Making ends meet as hard as ever: survey

Forget setting money aside — many workers are struggling to cover debt and expenses

Making ends meet as hard as ever: survey
There may be signals of a Canadian economic rally, but many employed adults probably don’t feel it.

In its ninth annual survey, the Canadian Payroll Association has revealed that working Canadians still face an uncertain financial outlook. Among all those surveyed, 47% reported that even a one-week delay in pay would make it hard for them to fulfil their financial obligations. The percentages were higher for millennials in their 30s (55% would have difficulty) and Gen-Xers in their 40s (51%).

"Half of Ontarians live pay cheque to pay cheque, further underscoring the need to spend less and save more every day, for emergencies and for retirement," said Janice MacLellan, the Canadian Payroll Association's vice president of operations

Forty-one per cent of employees across the country said their expenses equal or exceed their net pay. Nearly the same number of respondents (42%) said they save 5% or less of their earnings, and 22% said they could not put together $2,000 within a month for an emergency expense.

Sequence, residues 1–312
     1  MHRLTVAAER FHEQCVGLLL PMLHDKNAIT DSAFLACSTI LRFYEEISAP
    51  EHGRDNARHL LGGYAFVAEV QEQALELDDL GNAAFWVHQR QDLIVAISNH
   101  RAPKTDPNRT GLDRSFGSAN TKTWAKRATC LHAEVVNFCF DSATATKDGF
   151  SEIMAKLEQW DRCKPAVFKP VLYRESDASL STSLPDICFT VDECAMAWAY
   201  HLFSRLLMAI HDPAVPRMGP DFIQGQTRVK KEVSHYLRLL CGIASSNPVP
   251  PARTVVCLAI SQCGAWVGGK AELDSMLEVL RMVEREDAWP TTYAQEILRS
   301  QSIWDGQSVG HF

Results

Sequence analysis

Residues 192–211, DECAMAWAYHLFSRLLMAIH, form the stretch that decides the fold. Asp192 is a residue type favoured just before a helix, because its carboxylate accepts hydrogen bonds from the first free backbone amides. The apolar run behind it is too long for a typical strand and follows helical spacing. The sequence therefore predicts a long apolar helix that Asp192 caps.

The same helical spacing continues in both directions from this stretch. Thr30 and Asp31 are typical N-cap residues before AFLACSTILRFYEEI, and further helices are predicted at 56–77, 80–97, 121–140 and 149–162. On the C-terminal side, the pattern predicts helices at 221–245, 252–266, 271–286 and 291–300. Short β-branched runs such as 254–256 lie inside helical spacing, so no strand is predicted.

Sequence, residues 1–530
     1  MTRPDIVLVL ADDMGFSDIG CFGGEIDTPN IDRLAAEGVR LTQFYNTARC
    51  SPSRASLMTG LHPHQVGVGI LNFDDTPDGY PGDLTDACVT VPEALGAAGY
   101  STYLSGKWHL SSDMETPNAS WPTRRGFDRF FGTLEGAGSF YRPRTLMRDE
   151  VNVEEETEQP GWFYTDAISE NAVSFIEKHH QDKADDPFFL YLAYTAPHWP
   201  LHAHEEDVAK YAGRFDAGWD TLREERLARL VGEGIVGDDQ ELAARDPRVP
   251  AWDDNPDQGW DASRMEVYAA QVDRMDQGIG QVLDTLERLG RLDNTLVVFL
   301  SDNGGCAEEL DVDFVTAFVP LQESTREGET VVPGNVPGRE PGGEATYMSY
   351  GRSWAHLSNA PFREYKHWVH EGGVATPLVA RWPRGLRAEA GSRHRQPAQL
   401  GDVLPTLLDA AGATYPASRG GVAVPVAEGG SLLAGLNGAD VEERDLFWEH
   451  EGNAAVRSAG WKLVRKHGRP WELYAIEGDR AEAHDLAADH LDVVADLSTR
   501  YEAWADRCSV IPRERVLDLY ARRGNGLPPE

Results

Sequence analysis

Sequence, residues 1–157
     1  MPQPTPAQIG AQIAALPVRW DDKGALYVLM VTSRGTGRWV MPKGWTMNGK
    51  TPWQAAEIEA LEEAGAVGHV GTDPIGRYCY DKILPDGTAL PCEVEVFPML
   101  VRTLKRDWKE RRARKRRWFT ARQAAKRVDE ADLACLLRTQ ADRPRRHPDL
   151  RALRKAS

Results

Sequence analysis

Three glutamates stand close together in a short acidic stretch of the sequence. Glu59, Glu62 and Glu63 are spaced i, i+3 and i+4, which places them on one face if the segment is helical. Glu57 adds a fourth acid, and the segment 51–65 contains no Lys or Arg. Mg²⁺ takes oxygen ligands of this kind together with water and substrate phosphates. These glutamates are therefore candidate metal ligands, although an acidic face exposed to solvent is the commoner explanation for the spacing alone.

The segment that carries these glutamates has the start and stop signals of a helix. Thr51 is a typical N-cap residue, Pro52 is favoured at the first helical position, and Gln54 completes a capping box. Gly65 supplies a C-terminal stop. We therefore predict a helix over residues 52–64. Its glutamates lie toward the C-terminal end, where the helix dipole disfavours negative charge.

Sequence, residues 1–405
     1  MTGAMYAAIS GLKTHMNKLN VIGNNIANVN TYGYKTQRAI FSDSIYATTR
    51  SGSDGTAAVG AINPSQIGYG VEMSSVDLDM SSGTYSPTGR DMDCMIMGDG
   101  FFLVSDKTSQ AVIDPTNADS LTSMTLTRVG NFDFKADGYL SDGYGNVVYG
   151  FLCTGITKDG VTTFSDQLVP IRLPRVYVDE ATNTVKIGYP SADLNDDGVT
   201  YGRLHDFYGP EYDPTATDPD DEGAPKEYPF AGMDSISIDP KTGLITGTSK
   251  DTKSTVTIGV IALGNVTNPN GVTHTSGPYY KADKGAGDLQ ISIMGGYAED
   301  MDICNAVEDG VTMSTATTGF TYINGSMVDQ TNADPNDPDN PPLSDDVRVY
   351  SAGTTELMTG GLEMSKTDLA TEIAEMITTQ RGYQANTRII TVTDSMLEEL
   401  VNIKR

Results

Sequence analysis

Ninety-four per cent of Canadians have debt, which includes mortgages (28%), credit cards (17%), car loans (18%), and lines of credit (17%). Because of the high cost of real estate in certain regions, the number of respondents that find mortgages on their primary residences the hardest to pay down has reached 32%. This makes mortgages the top debt concern, which previously in the survey’s history had always been credit cards; this year, only 23% tagged credit cards as their hardest debt problem.

Thirty-one per cent of all those polled reported that their debt load rose over the year. The survey suggests this is because of higher overall spending, mainly due to increased living expenses (32%) and unforeseen expenses (25%). When asked what they thought was the best way to financial well-being, 26% said they thought it was by earning more, while 19% replied that it was by spending less.

These increased expenses have darkened Canadians’ prospects for two major financial goals. When it comes to debt payments, 42% believed it would take more than 10 years to pay down their debts, while 12% said they would never be able to. As for their retirement prospects, 46% said they have to work longer now than they planned to five years ago, and 47% of respondents aged 50 and older have set aside less than a quarter of their planned nest egg.

For 46% of the working Canadians surveyed, $1 million is the amount they need to retire. The average Canadian is aiming to retire at around 61 years old.

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